Three French investigative judges have complained about the lack of collaboration from the German judiciary in the ‘Dieselgate’ file. Germany meanwhile alleged possible disruptions of its own investigation. An article from our partner Ouest-France.
The Franco-German duo is not a good example of cooperation when it comes to the ‘Dieselgate’ affair, a letter by three investigative judges in charge of the file in France published by the newspaper Le Parisien proves.
“We have made three official requests for documents to the prosecutor of Braunschweig. These demands have not succeeded,” the magistrates regret in their letter addressed to the civil plaintiff.
The Parisian prosecutor opened two judicial investigations, one in 2016 and another one in 2017, due to “aggravated fraud” following the ‘Dieselgate’ scandal.
In September 2015, the United States Environmental Protection Agency discovered that the German carmaker Volkswagen manipulated car engines to cheat on emission tests. Eleven million vehicles were affected. An experts’ report will be issued this Autumn about the extent of the ‘Dieselgate’ in France.
On the other side of the Rhine, the German judges consider that “the communication on the elements of their investigation to the French judges risked to seriously disrupt the advancement of their work”.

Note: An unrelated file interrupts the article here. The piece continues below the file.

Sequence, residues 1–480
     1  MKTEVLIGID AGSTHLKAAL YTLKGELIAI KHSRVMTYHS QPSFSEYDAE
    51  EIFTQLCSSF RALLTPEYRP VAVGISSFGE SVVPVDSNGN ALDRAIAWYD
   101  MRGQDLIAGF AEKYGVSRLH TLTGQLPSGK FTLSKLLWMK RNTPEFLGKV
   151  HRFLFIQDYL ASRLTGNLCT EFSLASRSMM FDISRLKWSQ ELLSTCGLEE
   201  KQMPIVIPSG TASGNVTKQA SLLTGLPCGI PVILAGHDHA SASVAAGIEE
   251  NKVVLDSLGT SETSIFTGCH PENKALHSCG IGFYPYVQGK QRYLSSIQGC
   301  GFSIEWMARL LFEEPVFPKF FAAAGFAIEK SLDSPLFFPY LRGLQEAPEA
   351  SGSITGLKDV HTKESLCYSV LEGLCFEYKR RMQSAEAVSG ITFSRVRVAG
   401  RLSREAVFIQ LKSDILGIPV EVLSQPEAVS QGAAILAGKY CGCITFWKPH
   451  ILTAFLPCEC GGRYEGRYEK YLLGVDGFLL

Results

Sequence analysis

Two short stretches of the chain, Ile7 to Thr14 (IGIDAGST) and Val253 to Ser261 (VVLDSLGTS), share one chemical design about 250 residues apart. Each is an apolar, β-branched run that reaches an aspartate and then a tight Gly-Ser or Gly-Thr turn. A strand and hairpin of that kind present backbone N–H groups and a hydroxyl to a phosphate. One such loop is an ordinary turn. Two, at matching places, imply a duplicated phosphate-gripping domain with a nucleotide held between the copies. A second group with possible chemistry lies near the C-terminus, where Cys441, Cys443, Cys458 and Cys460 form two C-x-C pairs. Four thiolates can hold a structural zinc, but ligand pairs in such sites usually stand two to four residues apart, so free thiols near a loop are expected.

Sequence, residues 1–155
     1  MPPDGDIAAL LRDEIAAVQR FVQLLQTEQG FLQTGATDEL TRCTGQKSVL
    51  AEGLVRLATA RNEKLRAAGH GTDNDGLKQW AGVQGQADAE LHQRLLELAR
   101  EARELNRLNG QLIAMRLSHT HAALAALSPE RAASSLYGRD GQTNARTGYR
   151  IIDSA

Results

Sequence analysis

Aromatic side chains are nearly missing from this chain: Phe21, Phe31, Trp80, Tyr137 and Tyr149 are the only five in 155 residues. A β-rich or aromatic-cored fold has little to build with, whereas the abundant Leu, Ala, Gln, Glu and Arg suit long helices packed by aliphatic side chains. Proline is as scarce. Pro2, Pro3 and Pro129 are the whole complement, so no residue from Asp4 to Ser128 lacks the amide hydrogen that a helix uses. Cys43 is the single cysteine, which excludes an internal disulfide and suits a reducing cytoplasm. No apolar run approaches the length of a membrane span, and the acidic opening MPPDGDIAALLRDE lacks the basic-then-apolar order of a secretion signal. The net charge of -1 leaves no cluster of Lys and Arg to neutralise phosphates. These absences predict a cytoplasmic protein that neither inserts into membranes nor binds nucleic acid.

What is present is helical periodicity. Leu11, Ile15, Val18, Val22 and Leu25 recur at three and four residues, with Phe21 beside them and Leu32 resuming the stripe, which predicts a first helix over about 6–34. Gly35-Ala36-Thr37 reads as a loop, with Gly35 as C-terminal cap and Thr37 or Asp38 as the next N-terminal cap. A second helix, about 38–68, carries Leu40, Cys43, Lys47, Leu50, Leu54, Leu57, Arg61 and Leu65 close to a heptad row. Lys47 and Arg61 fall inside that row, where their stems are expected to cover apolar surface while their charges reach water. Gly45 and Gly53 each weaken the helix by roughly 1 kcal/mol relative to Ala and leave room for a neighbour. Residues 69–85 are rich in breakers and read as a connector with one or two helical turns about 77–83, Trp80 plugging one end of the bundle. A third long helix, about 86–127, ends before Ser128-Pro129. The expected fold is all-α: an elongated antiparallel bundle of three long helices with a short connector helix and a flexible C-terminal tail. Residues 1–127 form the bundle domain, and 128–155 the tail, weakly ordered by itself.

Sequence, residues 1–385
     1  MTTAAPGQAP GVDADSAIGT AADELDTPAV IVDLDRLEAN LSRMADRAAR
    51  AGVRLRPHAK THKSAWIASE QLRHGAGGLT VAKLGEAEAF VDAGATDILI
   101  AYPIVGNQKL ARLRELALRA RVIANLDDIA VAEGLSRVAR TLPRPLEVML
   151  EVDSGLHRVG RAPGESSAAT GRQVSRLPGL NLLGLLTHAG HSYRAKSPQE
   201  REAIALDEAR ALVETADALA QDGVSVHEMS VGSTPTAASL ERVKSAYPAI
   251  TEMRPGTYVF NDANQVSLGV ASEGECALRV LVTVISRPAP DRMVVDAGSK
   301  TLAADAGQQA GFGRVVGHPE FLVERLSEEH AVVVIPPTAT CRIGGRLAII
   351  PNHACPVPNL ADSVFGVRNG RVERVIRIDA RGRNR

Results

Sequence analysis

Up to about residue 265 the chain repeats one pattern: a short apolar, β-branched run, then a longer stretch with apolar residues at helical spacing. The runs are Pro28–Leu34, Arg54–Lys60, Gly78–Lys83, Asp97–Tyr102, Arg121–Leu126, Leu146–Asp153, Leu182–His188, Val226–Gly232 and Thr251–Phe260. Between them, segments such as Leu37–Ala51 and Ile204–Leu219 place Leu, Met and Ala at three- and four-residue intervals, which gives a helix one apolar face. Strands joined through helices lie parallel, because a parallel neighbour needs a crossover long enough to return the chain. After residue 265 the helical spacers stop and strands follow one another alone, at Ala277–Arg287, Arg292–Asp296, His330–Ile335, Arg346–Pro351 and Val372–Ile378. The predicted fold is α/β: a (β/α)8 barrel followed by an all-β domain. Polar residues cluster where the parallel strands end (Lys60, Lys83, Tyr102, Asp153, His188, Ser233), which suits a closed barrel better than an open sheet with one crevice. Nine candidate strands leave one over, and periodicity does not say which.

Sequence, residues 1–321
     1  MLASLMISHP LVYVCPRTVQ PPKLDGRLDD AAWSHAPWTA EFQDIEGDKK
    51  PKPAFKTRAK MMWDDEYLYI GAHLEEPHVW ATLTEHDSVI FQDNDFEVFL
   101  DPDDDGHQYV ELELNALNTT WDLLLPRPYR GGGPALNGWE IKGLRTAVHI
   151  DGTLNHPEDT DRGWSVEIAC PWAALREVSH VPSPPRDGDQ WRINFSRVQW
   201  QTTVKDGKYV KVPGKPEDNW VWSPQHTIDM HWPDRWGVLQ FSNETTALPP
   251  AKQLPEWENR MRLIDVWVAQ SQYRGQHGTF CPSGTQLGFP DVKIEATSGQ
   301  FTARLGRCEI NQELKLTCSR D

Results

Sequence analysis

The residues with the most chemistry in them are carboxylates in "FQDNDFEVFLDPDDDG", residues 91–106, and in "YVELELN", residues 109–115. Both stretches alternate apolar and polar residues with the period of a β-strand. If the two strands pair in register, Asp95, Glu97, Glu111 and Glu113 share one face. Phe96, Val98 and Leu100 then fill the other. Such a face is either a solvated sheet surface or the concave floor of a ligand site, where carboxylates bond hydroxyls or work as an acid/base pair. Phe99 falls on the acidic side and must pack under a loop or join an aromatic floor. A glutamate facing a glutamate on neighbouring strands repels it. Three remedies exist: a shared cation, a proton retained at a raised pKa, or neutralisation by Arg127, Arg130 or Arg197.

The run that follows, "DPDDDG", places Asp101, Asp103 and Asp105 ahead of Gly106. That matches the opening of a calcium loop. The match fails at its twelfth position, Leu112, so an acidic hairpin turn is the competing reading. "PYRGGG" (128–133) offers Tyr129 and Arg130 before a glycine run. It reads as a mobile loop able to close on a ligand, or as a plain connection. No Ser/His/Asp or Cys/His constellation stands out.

Emmanuel Ludot, civil plaintiffs’ advocate in France, rejected this argument. “Berlin wants to keep control of this explosive file of which consequences could be catastrophic for Germany,” Ludot said.
In June, the carmaker accepted to recognise its responsibility towards the German Justice and to commit to paying a €1 billion fine.
A new revelation emerged last week on the already intense ‘Dieselgate’ affair. The German magazine Der Spiegel accused Hubert Diess, current Volkswagen CEO, of being warned on the emissions’ fraud two months before the affair sprout.
The German judiciary wonders whether the carmaker did not hide the extent of the financial consequences of the scandal to its investors. These are estimated to be valued at €23,5 billion in fines and penalties.
Interviewed by the magazine, Volkswagen has declared it did not violate any confidential rules, having informed the shareholders when publishing a note four days ahead of the ‘Dieselgate’ came out.